No one wants to be associated with a failure, and leaders are no exception. When something goes awry, it can be tempting to point the finger—especially if you feel certain of the cause and justified in making someone accountable. Yet blame never results in a solution. Instead, it tends to snowball, wasting much time and energy that is better suited for problem-solving. Focus others on finding solutions that generate progress, and you demonstrate true accountability—and that’s leadership at its best.
To coach yourself, prepare answers to the following questions:
1. How do I handle assigning credit and blame?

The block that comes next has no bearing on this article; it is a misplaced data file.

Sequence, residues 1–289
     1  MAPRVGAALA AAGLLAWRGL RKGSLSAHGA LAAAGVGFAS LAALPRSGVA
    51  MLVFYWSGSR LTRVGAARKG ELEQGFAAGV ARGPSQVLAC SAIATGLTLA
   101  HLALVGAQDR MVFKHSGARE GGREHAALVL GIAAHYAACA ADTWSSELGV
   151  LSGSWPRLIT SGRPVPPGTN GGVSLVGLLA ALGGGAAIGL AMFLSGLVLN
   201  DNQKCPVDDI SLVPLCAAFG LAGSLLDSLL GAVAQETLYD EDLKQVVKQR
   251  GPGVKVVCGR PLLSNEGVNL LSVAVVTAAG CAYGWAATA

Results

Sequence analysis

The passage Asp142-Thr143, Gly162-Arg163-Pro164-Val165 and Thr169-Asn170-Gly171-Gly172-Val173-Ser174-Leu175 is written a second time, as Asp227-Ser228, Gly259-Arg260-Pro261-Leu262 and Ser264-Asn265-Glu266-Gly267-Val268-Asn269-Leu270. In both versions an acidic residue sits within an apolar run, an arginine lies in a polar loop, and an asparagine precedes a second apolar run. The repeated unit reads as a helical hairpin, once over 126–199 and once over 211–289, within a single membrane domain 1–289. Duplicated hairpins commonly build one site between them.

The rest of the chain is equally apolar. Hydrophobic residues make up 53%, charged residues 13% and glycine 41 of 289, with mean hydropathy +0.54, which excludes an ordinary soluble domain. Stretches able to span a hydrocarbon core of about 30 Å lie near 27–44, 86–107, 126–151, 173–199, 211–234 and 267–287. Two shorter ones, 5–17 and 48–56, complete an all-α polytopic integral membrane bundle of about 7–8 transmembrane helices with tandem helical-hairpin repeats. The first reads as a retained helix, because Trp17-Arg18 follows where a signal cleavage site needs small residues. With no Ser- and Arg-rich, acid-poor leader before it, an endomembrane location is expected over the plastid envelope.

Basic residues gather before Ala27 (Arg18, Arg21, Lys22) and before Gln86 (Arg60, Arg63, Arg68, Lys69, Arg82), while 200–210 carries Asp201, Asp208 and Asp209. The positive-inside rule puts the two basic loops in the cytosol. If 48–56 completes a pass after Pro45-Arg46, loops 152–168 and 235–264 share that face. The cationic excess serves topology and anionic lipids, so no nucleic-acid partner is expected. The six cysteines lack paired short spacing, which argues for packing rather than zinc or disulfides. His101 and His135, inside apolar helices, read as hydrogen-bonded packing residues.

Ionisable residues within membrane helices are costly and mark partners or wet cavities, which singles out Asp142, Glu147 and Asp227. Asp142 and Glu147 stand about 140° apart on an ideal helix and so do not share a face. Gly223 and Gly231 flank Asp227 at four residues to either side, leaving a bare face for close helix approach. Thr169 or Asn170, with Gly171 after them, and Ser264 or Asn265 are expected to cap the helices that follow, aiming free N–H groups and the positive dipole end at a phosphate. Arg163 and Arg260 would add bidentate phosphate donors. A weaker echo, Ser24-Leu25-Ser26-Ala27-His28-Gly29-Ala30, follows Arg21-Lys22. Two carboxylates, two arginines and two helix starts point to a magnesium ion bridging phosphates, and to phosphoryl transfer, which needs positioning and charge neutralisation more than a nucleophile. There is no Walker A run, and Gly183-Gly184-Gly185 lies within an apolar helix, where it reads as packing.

2. When I blame, do I tend to find solutions?
3. How can I reframe any impulse to blame into "lessons learned" and more effective actions going forward?
Executive Coach and President
Palm Springs, Calif.
Want to improve the way you run your business? Entrepreneurs, academics, and consultants from diverse industries offer practical advice on a variety of topics each business day.
To submit a tip for consideration, first check our archive of previous tips to make sure you're not repeating a tip someone has already contributed. Then send the tip to Small Business channel contributor Michelle Dammon Loyalka. Because of the volume of material she receives, she may not respond to each individual.